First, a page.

13 October 2018
We carried out this inspection under Section 60 of the Health and Social Care Act 2008 as part of our regulatory functions. This inspection checked whether the provider is meeting the legal requirements and regulations associated with the Health and Social Care Act 2008, to look at the overall quality of the service, and to provide a rating for the service under the Care Act 2014.
The inspection visit was carried out by one inspector and took place on 16 August and 3 September 2018 and was announced. We gave the service 48 hours’ notice of the inspection because we needed to be sure that a manager would be in to help us. On the first day we visited the care office and on the second day spoke with people's relatives whose relations used the service.
Before the inspection, we asked the provider to complete a Provider Information Return (PIR). This is a form that asks the provider to give some key information about the service, what the service does well, and improvements they plan to make. This was returned to us by the provider and used to inform our judgement.
We reviewed the information we held about the service. This included statutory notifications regarding important events which the provider must tell us.
During the inspection we spoke with three relatives of people who used the service. We spoke with three staff who provided care and support to people, a care coordinator, the registered manager and the provider.
We looked at the care records of three people who used the service. These records included care plans, risk assessments and daily records of the support provided. We looked at three staff recruitment files and staff training records. We looked at records related to how the quality of the service was monitored. We also had some documents sent to us following the inspection. These included quality audits and checks, minutes of meetings, and feedback provided by people who used the service and their families.
13 October 2018
This service is a domiciliary care agency. It provides personal care to people living in their own houses and flats in the community. The service provides care and support to adults with a range of needs.
This inspection took place on 16 August and 3 September 2018 and was announced. The first day we visited the office and looked at paperwork. The second day we called and spoke with people who used the service and staff.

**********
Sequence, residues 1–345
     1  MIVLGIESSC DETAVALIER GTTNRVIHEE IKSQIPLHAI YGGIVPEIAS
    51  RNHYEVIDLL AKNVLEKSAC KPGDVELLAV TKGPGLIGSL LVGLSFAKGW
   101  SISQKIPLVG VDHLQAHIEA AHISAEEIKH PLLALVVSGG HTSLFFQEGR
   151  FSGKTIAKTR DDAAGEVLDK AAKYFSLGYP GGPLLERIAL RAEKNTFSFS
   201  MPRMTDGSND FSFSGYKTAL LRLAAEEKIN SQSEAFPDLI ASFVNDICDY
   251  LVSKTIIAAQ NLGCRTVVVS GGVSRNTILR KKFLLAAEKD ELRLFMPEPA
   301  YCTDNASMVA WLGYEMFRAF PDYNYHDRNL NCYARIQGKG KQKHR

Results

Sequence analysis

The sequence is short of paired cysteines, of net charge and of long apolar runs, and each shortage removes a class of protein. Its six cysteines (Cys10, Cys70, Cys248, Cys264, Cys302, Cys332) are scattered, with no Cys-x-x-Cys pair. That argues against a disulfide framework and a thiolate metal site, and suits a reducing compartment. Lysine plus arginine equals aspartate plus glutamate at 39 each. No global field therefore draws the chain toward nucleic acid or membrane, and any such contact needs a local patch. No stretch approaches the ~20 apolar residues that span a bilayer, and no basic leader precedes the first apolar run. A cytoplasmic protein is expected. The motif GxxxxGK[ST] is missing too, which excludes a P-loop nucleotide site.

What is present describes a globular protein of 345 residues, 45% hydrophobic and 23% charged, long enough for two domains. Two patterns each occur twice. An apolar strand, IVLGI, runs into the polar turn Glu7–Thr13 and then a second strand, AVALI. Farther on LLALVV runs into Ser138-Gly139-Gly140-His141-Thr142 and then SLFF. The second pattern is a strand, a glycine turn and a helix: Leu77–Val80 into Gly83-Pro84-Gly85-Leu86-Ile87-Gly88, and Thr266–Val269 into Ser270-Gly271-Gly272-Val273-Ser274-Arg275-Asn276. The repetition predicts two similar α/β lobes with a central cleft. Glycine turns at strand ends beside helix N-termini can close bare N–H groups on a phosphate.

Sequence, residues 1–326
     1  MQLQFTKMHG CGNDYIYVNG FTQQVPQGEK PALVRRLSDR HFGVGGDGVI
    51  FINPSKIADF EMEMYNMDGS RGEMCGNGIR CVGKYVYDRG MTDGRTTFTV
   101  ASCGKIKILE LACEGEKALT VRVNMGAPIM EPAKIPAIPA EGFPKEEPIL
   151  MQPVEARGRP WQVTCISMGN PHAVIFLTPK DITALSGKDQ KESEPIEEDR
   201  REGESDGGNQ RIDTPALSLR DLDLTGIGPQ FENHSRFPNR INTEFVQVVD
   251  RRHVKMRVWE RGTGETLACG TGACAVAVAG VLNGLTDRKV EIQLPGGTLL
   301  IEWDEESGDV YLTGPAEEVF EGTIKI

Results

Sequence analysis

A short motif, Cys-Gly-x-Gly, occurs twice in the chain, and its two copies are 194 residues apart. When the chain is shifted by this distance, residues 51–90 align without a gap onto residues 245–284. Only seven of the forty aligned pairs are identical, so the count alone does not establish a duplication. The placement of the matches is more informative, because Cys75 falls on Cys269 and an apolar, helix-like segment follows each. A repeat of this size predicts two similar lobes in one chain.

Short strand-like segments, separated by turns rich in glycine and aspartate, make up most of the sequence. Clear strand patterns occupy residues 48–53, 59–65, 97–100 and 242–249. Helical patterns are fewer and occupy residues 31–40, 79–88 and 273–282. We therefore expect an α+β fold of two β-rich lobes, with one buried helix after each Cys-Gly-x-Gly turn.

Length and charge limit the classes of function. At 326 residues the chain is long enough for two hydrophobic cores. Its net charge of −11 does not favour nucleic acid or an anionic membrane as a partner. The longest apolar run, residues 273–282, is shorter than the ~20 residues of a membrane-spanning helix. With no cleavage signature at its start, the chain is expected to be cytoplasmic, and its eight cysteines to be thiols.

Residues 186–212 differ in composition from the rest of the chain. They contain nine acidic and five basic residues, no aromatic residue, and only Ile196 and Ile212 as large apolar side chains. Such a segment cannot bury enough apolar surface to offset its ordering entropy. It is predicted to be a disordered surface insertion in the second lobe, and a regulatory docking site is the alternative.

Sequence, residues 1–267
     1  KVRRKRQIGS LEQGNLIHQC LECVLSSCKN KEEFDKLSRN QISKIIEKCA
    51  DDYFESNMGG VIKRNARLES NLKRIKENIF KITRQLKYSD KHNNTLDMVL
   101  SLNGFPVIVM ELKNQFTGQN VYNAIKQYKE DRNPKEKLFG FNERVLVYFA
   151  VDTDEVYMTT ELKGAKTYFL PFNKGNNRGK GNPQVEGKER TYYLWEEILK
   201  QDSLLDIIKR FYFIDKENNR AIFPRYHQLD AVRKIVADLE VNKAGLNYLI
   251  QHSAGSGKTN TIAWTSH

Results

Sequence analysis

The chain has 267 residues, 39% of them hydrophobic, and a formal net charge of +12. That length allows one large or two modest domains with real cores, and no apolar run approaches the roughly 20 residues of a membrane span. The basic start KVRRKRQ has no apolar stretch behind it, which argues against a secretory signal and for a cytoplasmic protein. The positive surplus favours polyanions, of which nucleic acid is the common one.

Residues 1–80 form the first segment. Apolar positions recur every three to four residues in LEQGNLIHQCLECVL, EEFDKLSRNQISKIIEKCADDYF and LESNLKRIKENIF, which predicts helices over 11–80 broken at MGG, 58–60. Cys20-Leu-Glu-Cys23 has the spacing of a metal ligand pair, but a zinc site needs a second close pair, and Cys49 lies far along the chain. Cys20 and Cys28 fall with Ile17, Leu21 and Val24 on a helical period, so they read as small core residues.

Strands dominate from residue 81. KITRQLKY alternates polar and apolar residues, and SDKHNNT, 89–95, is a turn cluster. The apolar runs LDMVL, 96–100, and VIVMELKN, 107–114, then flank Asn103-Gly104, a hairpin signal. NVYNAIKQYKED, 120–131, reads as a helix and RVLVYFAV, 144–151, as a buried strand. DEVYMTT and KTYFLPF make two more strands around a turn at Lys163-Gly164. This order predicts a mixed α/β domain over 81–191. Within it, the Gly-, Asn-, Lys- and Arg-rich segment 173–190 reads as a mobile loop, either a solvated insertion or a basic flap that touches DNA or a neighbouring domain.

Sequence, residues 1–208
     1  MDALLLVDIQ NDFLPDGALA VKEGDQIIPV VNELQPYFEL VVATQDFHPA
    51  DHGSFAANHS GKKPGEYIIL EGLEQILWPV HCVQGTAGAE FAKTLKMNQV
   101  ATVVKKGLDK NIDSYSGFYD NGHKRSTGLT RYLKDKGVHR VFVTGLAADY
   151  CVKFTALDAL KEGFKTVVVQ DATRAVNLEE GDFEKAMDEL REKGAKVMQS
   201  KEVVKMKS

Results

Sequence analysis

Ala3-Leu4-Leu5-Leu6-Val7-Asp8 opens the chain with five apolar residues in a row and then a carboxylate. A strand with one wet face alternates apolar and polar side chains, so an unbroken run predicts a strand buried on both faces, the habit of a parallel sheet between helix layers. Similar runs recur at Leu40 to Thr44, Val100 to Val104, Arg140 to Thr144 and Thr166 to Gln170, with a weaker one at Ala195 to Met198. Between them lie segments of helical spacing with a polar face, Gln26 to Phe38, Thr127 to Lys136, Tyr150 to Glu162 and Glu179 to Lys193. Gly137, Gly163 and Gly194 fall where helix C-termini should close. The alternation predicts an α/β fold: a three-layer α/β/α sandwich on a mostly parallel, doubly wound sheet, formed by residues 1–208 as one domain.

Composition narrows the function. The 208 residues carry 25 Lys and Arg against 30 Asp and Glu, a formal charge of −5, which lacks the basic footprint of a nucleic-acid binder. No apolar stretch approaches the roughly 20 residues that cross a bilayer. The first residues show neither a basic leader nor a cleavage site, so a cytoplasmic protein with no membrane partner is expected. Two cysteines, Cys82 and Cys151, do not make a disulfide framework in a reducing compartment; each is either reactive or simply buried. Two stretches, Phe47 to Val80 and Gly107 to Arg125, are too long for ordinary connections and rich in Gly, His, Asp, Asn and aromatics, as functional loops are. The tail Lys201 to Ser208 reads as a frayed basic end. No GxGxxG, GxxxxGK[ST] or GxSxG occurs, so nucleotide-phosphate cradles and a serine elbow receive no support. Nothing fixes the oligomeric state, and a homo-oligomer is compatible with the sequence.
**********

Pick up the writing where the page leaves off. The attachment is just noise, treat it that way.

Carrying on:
At our last inspection in 5 December 2017 we rated the service overall as ‘Requires Improvement’. Improvements were needed in the information in care plans and the embedding of periodic audits. At this inspection the service had improved, we found evidence to support the rating of Good.
A registered manager is in post. A registered manager is a person who has registered with the Care Quality Commission to manage the service. Like registered providers, they are ‘registered persons’. Registered persons have legal responsibility for meeting the requirements in the Health and Social Care Act 2008 and associated Regulations about how the service is run.
People were not protected by safe recruitment process which failed to ensure staff were suitable to work in care services, though improvements were made before the inspection was completed. There were enough staff to meet people's needs. Staff received training for their role and ongoing support and supervision to work effectively.
People were protected from the risk of harm. Staff had been trained in safeguarding people and understood how to assess, monitor and manage their safety. A range of risk assessments were completed, and preventative action was taken to reduce the risk of harm to people.
People were supported with their medicines in a safe way. People’s nutritional needs were met, and they were supported with their health care needs when required. The service worked with other organisations to ensure that people received coordinated care and support.
People were supported to have maximum choice and control of their lives and staff supported them in the least restrictive way possible; the policies and systems in the service supported this practice. The provider followed the principles of the Mental Capacity Act, 2005 (MCA) in planning and delivering people's support. People's consent was obtained before they were supported.
People were involved in their care as far as possible and care plans were regularly reviewed and updated as people’s needs changed. Staff were provided with clear guidance to follow in the care plan which included information about people’s preferences, daily routines and diverse cultural needs. Staff had a good understanding of people's needs and preferences, and worked flexibly to ensure they were responsive.
People’s relatives were happy with staff who provided their relations personal care needs and all had developed positive trusting relationships.
People and their relatives were encouraged to provide feedback about the service which was used to assess the quality of the service and to make any improvements. The provider had a process in place which ensured people could raise any complaints or concerns and people felt comfortable to do this should they need to.
The registered manager and provider were aware of their legal responsibilities and provided leadership and supported staff and people who used the service. The registered manager and staff team were committed to the provider’s vision and values of providing good quality, person centred care.
The provider’s quality assurance system to monitor and assess the quality of the service was used effectively to improve the service. Lessons were learnt when things went wrong, and improvements made to prevent it happening again. The provider worked in partnership with other agencies to meet people’s needs and people's health and well-being was continuously monitored at the service.